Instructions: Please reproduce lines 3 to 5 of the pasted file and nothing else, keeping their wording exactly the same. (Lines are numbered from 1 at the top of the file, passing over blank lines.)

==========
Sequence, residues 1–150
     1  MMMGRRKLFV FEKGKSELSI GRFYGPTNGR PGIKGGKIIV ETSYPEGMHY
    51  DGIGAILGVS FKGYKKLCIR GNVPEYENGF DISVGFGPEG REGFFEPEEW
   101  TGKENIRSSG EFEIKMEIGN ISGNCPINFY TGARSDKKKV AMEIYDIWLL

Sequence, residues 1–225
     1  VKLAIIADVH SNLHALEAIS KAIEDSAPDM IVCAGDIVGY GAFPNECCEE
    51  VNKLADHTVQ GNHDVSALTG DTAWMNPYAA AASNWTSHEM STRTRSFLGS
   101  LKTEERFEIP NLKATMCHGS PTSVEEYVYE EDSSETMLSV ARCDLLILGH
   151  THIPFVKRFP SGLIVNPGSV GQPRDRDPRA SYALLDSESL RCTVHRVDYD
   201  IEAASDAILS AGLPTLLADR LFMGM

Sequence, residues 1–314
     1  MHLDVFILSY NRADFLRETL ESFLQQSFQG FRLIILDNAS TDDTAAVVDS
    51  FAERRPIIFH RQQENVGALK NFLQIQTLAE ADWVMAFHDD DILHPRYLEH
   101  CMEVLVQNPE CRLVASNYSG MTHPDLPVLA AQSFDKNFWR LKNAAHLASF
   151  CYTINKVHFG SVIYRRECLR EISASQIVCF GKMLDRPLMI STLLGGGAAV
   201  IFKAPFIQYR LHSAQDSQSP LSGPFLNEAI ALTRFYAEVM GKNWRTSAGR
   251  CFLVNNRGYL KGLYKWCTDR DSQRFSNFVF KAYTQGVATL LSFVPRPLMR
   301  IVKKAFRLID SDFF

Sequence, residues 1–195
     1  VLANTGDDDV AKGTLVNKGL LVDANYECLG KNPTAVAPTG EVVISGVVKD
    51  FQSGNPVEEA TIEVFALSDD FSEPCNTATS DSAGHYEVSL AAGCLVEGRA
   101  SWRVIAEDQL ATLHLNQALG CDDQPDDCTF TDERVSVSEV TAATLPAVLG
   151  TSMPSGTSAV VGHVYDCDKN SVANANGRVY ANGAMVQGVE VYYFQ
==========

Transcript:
    51  DGIGAILGVS FKGYKKLCIR GNVPEYENGF DISVGFGPEG REGFFEPEEW
   101  TGKENIRSSG EFEIKMEIGN ISGNCPINFY TGARSDKKKV AMEIYDIWLL

Sequence, residues 1–225